Hurricane-force gusts smashed property, destroyed cars, closed schools, disrupted transport and prompted police warnings for drivers to stay off the roads.
Around 60,000 homes lost power, the country's main bridges were shut and passengers were stranded on a train.
Winds of 70mph-85mph hit Glasgow and the Central Belt, leading police to tell drivers to stay at home and not to travel in the area until 9pm.
Much of the country shut down after Met Office forecasters issued this year's only red weather warning – meaning take action.
It was the fiercest storm since 2002 and about 500 weather-related incidents were reported to Strathclyde Police.
A 328ft (100m) wind turbine dramatically burst into flames, near Ardrossan, in Ayrshire, because it could not handle the severe conditions.
The fire on the giant structure, which began at about 3.30pm, left thousands without power.
Strathclyde Fire and Rescue Service said it had a high number of calls as the turbine could be seen "far and wide". Two appliances attended, but the fire eventually burned itself out.
Glasgow suffered a number of incidents due to the wind, with a 71mph gust recorded at lunchtime.
Byres Road, in the West End, was partially closed because of a dangerous building. Police said roof paraphernalia had come loose but no-one had been injured.
Renfield Street was partially closed because the roof of the Cineworld building was deemed "unsafe".
Glasgow University and Caledonian University were closed, as were all public museums, galleries, sports centres and libraries.
The highest wind speed was 165mph, which was were recorded on the summit of Cairn Gorm, in the Highlands – that was just 8mph less than the fastest ever recorded on the mountain in 1986.
A gust of 137mph swept the summit of Aonach Mor, near Ben Nevis.
In Bellshill, Lanarkshire, residents said it was "a miracle" no one was killed after a building began to crumble, throwing chunks of sandstone 45ft to the pavement below.
Parts of the Main Stand roof at Ayr United's ground, Somerset Park, were lost during the storms.
An easyJet plane almost crash-landed at Edinburgh Airport. The flight, from Bristol, almost scraped its right wing on the runway during the nail-biting landing.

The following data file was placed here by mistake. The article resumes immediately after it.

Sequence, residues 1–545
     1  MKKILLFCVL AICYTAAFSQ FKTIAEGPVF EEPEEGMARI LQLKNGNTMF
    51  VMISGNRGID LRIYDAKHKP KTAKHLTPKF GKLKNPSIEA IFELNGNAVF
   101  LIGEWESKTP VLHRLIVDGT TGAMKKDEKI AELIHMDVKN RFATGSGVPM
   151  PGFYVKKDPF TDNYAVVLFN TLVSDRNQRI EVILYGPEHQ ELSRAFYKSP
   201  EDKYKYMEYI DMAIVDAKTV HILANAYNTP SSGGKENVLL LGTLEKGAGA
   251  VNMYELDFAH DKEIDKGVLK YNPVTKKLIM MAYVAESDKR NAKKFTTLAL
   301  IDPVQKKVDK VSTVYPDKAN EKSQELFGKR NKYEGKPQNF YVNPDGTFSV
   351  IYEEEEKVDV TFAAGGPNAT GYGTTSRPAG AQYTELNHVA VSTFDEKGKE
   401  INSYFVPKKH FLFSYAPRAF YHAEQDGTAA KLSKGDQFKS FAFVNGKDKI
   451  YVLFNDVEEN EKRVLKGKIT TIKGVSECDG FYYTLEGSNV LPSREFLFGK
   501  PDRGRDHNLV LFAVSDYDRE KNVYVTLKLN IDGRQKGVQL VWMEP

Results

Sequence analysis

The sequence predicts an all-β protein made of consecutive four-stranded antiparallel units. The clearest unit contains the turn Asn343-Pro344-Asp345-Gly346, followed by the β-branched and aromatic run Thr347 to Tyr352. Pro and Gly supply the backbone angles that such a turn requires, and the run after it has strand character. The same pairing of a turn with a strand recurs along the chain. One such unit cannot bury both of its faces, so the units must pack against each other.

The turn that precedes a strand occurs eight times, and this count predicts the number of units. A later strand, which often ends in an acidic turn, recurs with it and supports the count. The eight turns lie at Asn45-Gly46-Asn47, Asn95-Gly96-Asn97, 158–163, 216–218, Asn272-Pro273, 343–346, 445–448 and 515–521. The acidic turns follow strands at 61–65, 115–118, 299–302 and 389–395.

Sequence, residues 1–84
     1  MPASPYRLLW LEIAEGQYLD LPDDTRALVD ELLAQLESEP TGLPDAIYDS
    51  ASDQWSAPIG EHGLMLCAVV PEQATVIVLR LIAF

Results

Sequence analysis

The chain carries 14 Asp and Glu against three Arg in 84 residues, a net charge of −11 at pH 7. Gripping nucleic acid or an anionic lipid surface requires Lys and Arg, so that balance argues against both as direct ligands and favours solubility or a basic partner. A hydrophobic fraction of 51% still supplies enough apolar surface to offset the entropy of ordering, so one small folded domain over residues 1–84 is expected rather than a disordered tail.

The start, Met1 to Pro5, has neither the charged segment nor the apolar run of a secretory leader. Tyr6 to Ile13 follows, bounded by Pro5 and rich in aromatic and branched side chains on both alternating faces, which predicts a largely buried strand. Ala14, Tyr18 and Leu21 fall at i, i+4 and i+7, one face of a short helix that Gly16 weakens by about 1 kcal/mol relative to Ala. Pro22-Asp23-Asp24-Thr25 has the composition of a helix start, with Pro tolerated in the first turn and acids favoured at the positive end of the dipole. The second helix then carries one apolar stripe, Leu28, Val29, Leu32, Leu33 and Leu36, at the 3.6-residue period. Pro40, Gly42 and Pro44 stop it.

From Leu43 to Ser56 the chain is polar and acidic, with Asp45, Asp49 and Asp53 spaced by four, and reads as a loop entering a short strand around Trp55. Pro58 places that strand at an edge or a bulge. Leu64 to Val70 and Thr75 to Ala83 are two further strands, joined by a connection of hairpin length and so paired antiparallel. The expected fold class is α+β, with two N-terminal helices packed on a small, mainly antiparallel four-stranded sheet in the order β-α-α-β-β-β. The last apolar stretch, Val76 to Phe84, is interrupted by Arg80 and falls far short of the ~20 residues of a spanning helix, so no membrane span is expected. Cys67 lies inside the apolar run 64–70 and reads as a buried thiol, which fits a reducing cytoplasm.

And passengers landing at Glasgow Airport told how they feared for their lives.
Dave Flounders, 60, from Perthshire, who was flying back from Bangladesh, said: "The last five minutes were really jumpy – at one point I thought we'd had it."
ScotRail had speed restrictions of 50mph on all trains in case of falling trees and other debris, and or damage to overhead power lines.
And at noon, FirstBus took all double deckers off the road and replaced them with single deckers to keep services running.
ScottishPower reported power lines being brought down by falling trees and debris. The company had more than 600 engineers working to fix faults caused by the severe weather.
Here is how the events of the day unfolded.
4am: Following advice from Deputy First Minister Nicola Sturgeon, Glasgow City Council confirms all schools and nurseries would be closed.
8am: Schools across west Scotland are also closed, with only Renfrewshire Council and North Ayrshire Council opening and closing early.
9.30am: Motherwell College announces it is closed for the day.
10am: ScotRail says a temporary timetable is in operation and trains are following a 50mph limit. The train operator warns commuters to expect late afternoon disruption.
10.15am: Scottish Parliament allows all non-essential staff to leave early. Edinburgh Zoo, home to new pandas, Tian Tian and Yang Guang, is closed.
10.25am: Erskine Bridge closed, followed soon after by the Forth Road Bridge.
11.10am: Glasgow University is closed.
11.15am: Wind forces Hibernian FC players to abandon a training session in East Lothian.
11.30am: The University of the West of Scotland announces its Ayr, Dumfries, Hamilton and Paisley campuses will close at noon.
11.40am: Strathclyde Police advice against any travel on roads across Strathclyde and announce a school bus has overturned in Dalry, North Ayrshire. No children were on board and the driver was not hurt.
12.15pm: First Bus pulls all double decker buses off the roads in Glasgow.
12.30pm: All Glasgow Life-run gyms, museums and galleries are closed and staff sent home.
13.35pm: Western Isles Police advise all residents to stay indoors.
14.10pm: Promenades in Ayr, Girvan, Troon and Prestwick are closed and public warned to stay away.
14.30pm: Roofs ripped off a row of garages in Cambuslang.
14.35: The international Rescue Corps, based at Grangemouth, say they will be available to respond to weather-related incidents in Scotland from 4pm.
3pm: A suspended ceiling at a cafe in Elgin collapses, causing minor injuries to two customers.
4pm: The River Clyde in Glasgow city centre bursts its banks, flooding the King George V walkway.
4.25pm: A wind turbine at an Ardrossan windfarm catches fire.
4.40pm: A "major incident" is declared by Northern Constabulary in Lochaber.
4.45pm: Association of Chief Police Officers extended its "do not travel" warning from 7pm to 9pm.
5.05pm: Ms Sturgeon confirms no reported serious injuries or deaths related to the weather.
5.10pm: West Highland Line closed and 64 passengers were stranded on a train three miles south of Crianlarich.
5.15pm: Around 60,000 homes have power cut off. Scottish Power says worst affected during storm include Renfrewshire, Dumbarton, Airdrie and Shotts, Ochil and Clydesdale.
5.20pm: Power cut at the Victoria Hospital in Rothesay, which operated with back-up generators.
6pm: Police say they had dealth with around 450 weather-related incidents.
6.30pm: A9 closed in both directions - northbound from Dunkeld and southbound from Killiecrankie – as a result of falling trees.
7pm: Around 18,000 homes had their power reconnected across the country.